He had the calm confidence of a Christian with four aces.
Unfortunately, a glance tells me Riley only has a pair of threes. And honestly, the way his eyes shoot to the door every time a floorboard squeaks, tells me he’s quickly hemorrhaging the confidence I pumped into him only an hour ago.
It had been put to me to convince Riley he was keeping his promise to his wife. I mean, it was Christmas time and cards were in his hand—ergo—he was taking care of Christmas cards. Tanya wouldn’t have a shapely legal leg to stand upon. Riley may be my neighbor and friend, but what a wimp. If only we hadn’t needed a warm house and body.
“I fold,” he says.
“You can’t fold every hand,” says Sherman, a buddy of mine who’s more lumberjack than financial analyst.
The last of our foursome, Marty, leans back and releases a long steady stream of cigar smoke up into Tanya’s fru-fru light fixture.
“I should be working on those cards,” Riley says. The paunch in his Grinch-like gut expands with every heavy sigh.
“Grow a backbone, man,” I say, fingertips working the bristle of my unshaven chin. “If she’s so hyped on Christmas cards, let her do them. I call.”
Sherman’s three-of-a-kind/jacks high beat out my two pair. I gather cards while Sherman gathers chips. It may be time to let Riley win a hand. I give the whistle.
“She does do them herself—she’s real creative. One year she’ll put in photos, the next a letter. She’s done a letter from her, from me, from the dog. This year, because of her mom, she asked me to do it—from an angel’s perspective.”
“Are we gonna play or what, Nancy-boy?” says Marty, grinding his cigar into the bottom of a cut-off beer can. “Remember what Oscar Madison said, ‘Marriages come and go, but the game must go on.’”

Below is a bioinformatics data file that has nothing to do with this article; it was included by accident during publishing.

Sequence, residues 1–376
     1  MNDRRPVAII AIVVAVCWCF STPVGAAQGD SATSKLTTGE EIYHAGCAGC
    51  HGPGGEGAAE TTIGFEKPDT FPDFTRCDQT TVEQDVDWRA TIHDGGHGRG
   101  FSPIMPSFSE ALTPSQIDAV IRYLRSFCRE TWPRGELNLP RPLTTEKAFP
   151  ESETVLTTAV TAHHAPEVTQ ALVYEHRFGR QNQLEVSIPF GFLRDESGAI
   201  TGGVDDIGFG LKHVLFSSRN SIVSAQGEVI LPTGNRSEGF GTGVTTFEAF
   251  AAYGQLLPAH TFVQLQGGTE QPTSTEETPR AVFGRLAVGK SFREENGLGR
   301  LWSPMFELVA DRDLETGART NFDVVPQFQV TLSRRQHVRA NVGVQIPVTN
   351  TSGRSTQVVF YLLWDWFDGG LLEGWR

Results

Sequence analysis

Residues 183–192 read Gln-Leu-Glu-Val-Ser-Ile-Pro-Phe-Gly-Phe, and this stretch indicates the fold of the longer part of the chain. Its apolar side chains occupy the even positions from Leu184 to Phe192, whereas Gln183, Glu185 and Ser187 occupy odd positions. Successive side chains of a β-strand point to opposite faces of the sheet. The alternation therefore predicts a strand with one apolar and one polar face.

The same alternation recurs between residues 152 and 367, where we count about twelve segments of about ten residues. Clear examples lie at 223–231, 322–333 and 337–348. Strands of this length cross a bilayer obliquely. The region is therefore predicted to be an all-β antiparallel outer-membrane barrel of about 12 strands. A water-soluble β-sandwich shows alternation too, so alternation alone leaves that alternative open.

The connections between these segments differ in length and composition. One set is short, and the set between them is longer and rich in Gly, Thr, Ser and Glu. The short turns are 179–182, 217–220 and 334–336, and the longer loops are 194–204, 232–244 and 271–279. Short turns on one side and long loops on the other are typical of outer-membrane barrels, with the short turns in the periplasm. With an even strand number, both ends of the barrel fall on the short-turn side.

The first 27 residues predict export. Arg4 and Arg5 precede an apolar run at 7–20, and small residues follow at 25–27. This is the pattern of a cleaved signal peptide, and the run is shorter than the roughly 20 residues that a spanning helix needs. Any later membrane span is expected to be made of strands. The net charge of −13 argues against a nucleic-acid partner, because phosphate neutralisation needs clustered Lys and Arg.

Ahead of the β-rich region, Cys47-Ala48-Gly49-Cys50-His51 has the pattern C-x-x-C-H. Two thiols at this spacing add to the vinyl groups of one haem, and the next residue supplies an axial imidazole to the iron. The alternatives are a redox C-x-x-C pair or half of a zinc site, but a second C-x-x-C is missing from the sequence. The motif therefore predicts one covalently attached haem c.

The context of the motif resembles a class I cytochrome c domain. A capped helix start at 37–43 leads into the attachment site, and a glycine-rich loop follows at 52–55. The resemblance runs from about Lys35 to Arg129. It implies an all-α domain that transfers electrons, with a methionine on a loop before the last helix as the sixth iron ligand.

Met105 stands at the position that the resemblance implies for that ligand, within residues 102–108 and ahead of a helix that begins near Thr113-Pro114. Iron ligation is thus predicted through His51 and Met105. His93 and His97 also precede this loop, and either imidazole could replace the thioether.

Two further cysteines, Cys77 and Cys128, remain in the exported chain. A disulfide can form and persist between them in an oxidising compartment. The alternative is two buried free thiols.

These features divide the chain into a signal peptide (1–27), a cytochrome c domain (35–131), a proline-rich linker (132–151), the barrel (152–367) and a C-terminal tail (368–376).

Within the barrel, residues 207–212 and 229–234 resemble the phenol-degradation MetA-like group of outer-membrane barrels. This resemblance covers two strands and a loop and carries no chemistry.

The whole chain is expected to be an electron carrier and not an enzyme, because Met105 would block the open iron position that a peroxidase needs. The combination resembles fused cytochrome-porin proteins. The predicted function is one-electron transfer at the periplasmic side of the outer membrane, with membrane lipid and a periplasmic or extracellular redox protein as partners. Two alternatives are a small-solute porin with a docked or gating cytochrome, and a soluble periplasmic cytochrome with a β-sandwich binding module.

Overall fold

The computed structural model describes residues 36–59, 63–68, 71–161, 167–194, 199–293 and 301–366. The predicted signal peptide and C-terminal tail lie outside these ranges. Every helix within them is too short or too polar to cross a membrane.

Cards fly across the table. Riley’s got another crappy hand. How many times do I hafta tell him—keep your cards close to your vest.
Sherman suddenly laughs, shaking the table. “One year, I offered to help wife number two with Christmas cards, but she didn’t like what I wanted to write.” He signals for two new cards. “Christmas—a time when people from all religions come together to worship Jesus Christ.”
“What’s wrong with that?” asks Riley. “Politically incorrect?”
“Nahh, she didn’t like that it was a quote from Bart Simpson. So I said, ‘Don’t ask for my help anymore, woman.’”
It’s Marty’s bid and he makes it big. The rest of us follow suit. With the next round, we all fold, leaving Riley with the pot. “You call yourselves poker players,” he crows, raking in his chips. “You know, you guys are right. If I want to play poker, that’s my right.”
“Exactly. You’re king.”
Riley antes up and deals. He’s sitting taller—the paunch no longer stressing the buttons on his shirt. I hear metal on metal coming from the front door. Sherman and Marty look at me, but Riley seems oblivious to the fact that his wife is now stepping through the door.
“Well!” says Tanya, dropping her bags with a thud. “So, this is your idea of helping me with Christmas cards? And to think mom felt sorry for you being all alone.”
Riley stands up and fans his poker hand at his wife. “It’s Christmas and these are cards.” He looks at me for backup.
I pound the table. “Riley, were you supposed to be doing Christmas cards? What’s wrong with you?”
Sherman throws down his cards—but not before checking his hand. “Amazing lack of consideration . . .”
“Yeah,” adds Marty, shrugging into his jacket. “We’re really sorry, Tanya—had no idea . . .”
Riley sighs and releases his cards—the picture of calm. “I am sincerely sorry, Sweetheart,” he says, gently unwinding Sweetheart’s scarf and removing Sweetheart’s coat—completely back to his namby-pamby self. “But how can I write a letter from an angel? You’re the only angel in this house.”
And Tanya buys it. I can’t decide if he’s bluffing or what. I want to shout he’s a fool—but he’s still married to wife number one. And he got the last pot.
That’s when I recall the most important poker adage of all: If you can’t spot the sucker within the first half hour at the table, then you are the sucker.
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